News Cast for January 5th:
Opinions keep coming in on the lake. The new Lake regulation schedule has its supporters and its doubters. The Lake Coalition had mixed reviews.
Most of the concerns were being keeping the lake higher, more often. Eva Velez with the US Army Corps of Engineers told the group that she doesn’t’ think there will be a lot of times the lake is held at higher water levels.
“The lake will be about half a foot higher on average. It is not stacking water on Lake Okeechobee in comparison to the current schedule.”
Chairman Carson Turner made the claim that the water will be stacked longer in the lake. “We all know the variables on why we need to do that from time to time. We are anxious in my community to see how it all plays out for the health of Lake Okeechobee.”
A double wide trailer fire is being investigated in Four Seasons. Okeechobee County Fire Rescue responded to the blaze Monday afternoon on NE 11th Way.
They found the trailer completely involved in flame. The State Fire Marshall is investigating. There was no power hooked up to the home and it was vacant at the time.
The Martin County Commission has listed traffic safety as a priority in 2022. 8,800 motor vehicle crashes have occurred there since 2018 with 44 traffic fatalities.
Western Martin County has had its share of fatalities on 710 and Martin Grade. County Commissioner Ed Ciampi said there’s been some crazy driving going on.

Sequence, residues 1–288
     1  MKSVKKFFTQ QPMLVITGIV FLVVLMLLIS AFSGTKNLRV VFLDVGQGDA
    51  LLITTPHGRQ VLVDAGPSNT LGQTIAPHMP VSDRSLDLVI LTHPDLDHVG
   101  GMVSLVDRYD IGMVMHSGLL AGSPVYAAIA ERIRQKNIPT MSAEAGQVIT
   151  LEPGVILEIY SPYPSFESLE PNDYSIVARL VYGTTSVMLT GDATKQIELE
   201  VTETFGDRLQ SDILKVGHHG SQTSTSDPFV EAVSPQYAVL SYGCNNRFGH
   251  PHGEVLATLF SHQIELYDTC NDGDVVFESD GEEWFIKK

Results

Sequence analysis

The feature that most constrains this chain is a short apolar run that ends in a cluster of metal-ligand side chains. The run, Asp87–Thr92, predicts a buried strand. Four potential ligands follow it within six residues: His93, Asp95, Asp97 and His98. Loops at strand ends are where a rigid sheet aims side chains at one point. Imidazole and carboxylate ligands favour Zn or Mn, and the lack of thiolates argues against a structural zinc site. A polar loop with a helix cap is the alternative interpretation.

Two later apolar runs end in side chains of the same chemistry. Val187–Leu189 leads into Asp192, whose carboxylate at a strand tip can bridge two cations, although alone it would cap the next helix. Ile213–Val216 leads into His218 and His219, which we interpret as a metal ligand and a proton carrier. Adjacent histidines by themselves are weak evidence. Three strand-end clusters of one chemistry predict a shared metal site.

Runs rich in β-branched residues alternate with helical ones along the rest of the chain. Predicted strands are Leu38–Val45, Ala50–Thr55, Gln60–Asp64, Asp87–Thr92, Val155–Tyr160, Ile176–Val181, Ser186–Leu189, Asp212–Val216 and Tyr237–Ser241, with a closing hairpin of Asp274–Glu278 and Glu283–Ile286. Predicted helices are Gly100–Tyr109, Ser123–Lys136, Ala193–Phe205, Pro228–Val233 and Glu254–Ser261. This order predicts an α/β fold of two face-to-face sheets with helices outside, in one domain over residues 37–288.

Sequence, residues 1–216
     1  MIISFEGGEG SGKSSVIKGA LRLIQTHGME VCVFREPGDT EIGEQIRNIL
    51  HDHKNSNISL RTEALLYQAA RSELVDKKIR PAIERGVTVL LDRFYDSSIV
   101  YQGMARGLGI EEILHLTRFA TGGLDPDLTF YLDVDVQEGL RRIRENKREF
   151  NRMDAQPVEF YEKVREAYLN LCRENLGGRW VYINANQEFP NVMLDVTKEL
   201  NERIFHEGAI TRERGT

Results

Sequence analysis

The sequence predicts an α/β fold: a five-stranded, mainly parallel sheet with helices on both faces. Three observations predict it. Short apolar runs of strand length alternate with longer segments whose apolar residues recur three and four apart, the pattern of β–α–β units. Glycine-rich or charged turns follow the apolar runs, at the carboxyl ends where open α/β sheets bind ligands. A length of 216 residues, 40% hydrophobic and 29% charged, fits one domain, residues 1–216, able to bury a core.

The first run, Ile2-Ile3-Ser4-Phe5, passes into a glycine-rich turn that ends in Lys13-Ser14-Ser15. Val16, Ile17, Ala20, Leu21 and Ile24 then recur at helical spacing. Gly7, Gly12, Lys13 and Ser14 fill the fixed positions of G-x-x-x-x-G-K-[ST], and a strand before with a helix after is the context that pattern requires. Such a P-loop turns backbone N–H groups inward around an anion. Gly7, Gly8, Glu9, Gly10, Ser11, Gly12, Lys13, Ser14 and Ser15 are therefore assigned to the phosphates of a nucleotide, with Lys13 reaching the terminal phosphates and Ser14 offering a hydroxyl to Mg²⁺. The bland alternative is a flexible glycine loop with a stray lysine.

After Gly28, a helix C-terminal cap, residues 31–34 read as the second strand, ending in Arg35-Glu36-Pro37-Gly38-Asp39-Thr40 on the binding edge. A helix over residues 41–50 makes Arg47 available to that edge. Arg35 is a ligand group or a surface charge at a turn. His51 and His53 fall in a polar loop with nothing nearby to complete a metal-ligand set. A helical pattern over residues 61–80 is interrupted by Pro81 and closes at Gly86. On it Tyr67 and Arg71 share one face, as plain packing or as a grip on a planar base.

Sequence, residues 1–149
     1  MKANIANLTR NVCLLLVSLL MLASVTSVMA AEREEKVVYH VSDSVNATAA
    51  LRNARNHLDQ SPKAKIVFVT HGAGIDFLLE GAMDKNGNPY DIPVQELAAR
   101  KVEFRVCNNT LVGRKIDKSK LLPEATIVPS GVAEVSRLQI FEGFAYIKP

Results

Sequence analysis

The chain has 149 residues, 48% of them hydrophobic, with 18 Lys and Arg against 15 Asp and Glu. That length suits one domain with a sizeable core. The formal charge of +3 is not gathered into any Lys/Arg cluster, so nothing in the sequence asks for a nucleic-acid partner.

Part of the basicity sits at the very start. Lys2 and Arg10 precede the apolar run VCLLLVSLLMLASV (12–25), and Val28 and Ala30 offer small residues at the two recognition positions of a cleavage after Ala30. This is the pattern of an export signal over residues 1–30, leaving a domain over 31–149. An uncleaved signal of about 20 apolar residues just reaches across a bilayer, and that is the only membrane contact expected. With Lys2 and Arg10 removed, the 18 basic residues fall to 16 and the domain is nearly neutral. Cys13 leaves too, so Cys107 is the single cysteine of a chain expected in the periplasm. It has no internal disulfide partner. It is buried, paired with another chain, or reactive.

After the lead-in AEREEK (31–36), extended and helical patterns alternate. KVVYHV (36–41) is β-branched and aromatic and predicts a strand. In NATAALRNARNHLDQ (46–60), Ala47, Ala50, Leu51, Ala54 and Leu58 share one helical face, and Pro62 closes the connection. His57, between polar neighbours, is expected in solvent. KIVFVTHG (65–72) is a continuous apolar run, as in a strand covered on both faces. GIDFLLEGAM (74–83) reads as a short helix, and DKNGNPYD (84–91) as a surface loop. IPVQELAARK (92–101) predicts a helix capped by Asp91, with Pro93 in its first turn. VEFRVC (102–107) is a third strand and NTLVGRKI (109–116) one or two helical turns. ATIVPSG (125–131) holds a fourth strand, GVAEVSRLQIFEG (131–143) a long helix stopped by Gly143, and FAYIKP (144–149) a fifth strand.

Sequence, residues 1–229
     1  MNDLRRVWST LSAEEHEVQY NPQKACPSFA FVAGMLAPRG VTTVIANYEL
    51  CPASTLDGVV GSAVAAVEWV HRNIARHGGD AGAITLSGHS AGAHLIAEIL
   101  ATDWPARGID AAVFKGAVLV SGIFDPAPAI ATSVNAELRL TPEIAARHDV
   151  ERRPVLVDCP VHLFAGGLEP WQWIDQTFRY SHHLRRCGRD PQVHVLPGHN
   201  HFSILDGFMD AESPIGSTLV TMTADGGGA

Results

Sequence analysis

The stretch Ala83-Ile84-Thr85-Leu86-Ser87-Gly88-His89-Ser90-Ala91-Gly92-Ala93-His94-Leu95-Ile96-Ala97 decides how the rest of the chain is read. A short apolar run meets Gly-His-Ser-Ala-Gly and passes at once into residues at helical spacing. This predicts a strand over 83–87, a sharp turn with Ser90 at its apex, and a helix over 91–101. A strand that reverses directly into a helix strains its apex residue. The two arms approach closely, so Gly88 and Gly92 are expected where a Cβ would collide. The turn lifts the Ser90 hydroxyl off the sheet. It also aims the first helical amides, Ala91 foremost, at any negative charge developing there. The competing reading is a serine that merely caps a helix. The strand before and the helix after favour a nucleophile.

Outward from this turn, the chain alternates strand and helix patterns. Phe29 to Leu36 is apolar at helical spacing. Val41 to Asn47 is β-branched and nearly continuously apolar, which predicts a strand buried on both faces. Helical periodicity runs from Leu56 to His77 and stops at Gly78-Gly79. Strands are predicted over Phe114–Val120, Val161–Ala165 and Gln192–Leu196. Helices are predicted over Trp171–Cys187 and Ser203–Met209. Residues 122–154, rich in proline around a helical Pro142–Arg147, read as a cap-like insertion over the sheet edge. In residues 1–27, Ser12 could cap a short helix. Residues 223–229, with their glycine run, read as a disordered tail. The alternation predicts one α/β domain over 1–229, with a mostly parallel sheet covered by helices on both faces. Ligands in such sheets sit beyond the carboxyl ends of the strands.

“We can all sit and tell stories about the crazy things that we see. It borders on jokes and humor. I saw these people driving on the sidewalk. I count this issue as one of the most important things.”
He called for the state to improve the intersection on 710 at SW Tommy Clements Street. They also want traffic to slow down in residential areas.
He said he is dismayed that it takes the state up to six years to make improvements to roads.
A plea deal reached in a 2018 murder in Glades County. Collis Crow agreed to plead guilty to a manslaughter charge in the death of Haroldman Lopez.
He also agreed to cooperate with authorities in an ongoing investigation.
In return he will be sentenced at a later day to 11 and a half years in prison at a later date.
Large mouth bass can soon be part of the menu. The Florida Fish and Wildlife Commission followed the lead of the legislature who passed a bill allowing bass to be sold for food. It is supported by aquaculture, but opposed by some fishermen.
FWC Executive Director Eric Sutton said the genetics of wild bass will be protected.
Anglers worry this will hurt the state program of catch and release and reduce trophy fish in Florida lakes like Lake Okeechobee.
FWC Board member Gary Lester said he felt it would put a strain on the bass population.
“Turning this into an agriculture product undercuts the whole culture we’ve created of catch and release in this state. That program, with 21 million people living here now, is very important to maintaining and keeping this fishery, as it is with all of our species.”